Romney’s answer won’t satisfy everyone. (More on that below.) But, in asserting that for the last decade he has never paid less than a 13 percent tax rate, Romney is calling Democrats’ bluff and forcing them now to call him a liar if they argue that he paid any less. In short: The burden of proof has now shifted from Romney to Senate Majority Leader Harry Reid and the Democratic party more broadly.I'm not sure how Mitt Romney pulling a number out of his (censored) and saying that settles the argument counts as "calling the Democrat's bluff." I'm also intrigued by the notion that by claiming he paid, golly gee, at least the pitifully low figure of 13 percent as taxes somehow now makes Mitt Romney look like the good guy. Thirteen percent counting what? For how many years? On how many millions of dollars, and how can the rest of us get in on such a sweet, sweet tax rate?
Narrowly, however, I'm intrigued by this whole burden of proof argument. Mitt Romney has, I might gently point out, not "proved" a damn thing. He has asserted something, without evidence. He has asserted it without evidence because he is explicitly withholding the evidence, and the evidence being withheld—tax returns—is something that other politicians are regularly expected to provide. Even Mitt's own father recognized the inherent dishonesty of not doing such a thing, so I really don't think the Democrats are in a real bind if they think that Mitt Romney asserting something without evidence is not, in fact, the automatic end of the story. I know of no literary mystery that ends with the suspect saying "I did not do that," upon which all the policemen and detectives go on their merry way, considering the case closed. I realize that this is an argument about a rich person's money, and as the MF Global Goldman Sachs and countless other cases have demonstrated in the last few years, the entire planet is supposed to bend down on one knee when a rich person makes an assertion about the provenance of their money or what might they might have accidentally done with yours, but still. Really?
Mitt Romney has so much money in his retirement account alone that outside observers struggle to come up with any way someone could even do such a thing without extraordinary luck or considerably more ordinary dishonesty. Here's a guy with bank accounts in all the usual places used by wealthy people to hide their money where Uncle Sam won't know about it or can't do anything about it. We've already caught him lying through his teeth, repeatedly, about when he supposedly even "left" the company that made him so very wealthy. Being so Broderesque as to say "well, but he says everything else is on the up and up, so I guess now his opponents are the bad guys if they question him" is too "balanced" by half.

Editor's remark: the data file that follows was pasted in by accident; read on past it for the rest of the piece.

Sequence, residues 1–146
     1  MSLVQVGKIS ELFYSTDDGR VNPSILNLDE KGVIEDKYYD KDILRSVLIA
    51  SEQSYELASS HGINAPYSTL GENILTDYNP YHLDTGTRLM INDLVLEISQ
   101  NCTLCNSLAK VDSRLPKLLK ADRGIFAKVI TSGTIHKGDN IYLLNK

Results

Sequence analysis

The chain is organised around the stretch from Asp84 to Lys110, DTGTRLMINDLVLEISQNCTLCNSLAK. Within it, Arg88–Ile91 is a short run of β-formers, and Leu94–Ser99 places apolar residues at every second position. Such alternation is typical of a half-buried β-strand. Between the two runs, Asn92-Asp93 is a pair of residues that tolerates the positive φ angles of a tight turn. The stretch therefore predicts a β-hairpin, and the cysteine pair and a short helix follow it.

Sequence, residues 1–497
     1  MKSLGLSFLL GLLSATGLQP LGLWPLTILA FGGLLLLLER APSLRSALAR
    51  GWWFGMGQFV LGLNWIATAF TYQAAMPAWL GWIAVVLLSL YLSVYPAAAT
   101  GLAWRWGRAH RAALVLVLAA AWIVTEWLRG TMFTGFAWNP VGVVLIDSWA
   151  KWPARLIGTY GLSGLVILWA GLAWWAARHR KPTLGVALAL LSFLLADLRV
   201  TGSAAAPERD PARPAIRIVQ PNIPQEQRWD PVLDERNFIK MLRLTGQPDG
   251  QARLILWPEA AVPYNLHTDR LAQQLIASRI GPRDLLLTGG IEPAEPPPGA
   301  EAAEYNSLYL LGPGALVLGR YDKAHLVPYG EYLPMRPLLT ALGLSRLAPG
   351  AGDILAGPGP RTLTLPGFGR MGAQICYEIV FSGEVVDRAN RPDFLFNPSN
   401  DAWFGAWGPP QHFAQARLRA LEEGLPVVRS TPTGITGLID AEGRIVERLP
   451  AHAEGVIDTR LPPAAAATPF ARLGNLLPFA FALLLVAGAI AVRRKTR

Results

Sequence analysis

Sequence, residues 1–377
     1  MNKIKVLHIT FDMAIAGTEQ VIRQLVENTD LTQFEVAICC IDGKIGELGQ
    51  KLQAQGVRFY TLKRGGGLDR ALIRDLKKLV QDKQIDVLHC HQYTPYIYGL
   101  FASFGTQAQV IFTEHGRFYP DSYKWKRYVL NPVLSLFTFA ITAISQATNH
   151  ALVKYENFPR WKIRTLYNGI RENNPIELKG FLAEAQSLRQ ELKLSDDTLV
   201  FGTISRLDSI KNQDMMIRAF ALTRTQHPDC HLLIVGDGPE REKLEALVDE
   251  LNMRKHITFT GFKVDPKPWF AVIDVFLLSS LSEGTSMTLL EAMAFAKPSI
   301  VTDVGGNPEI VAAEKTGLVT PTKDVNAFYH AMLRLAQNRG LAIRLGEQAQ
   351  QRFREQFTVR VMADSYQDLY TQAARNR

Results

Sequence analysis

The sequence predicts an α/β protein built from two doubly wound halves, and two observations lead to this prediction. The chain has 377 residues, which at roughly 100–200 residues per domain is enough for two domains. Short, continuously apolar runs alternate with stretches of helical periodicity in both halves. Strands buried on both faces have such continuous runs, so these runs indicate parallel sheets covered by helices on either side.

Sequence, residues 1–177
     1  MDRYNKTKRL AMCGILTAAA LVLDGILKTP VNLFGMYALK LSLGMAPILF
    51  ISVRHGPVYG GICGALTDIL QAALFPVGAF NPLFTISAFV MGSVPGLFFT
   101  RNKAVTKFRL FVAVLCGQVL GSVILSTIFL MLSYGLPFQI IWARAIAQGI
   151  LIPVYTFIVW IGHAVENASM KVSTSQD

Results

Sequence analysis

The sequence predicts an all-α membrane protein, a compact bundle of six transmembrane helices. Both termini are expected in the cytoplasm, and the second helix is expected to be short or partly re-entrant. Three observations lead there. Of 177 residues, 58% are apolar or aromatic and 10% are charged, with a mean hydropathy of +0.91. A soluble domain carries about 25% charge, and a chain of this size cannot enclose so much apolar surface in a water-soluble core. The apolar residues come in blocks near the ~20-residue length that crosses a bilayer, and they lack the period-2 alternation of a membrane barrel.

For the record, yes, a great many people have been calling Mitt Romney a liar for some time now. I don't know whether he's lying about the 13 percent figure, but he's lied so brazenly about so many other things—even the obsessively faux-neutral Politifact has documentation enough of that—that I do not think Just Because Mitt Said So really ought to be used as the argument-ender that he wants it to be. I am sorry if that makes me a bad person, but I am very, very tired of taking the very rich man's word for it when he says he's not lying about his goddamn money. He wants to become the leader of the nation, and that, of necessity, requires a level of scrutiny that he needs to just suck up and deal with already.
Nobody but Harry Reid can vouch for things asserted by Harry Reid, but it is distinctly not the Democrats' fault if they hold him to the same level of accountability that has been considered standard fare for every other politician but Mitt Romney.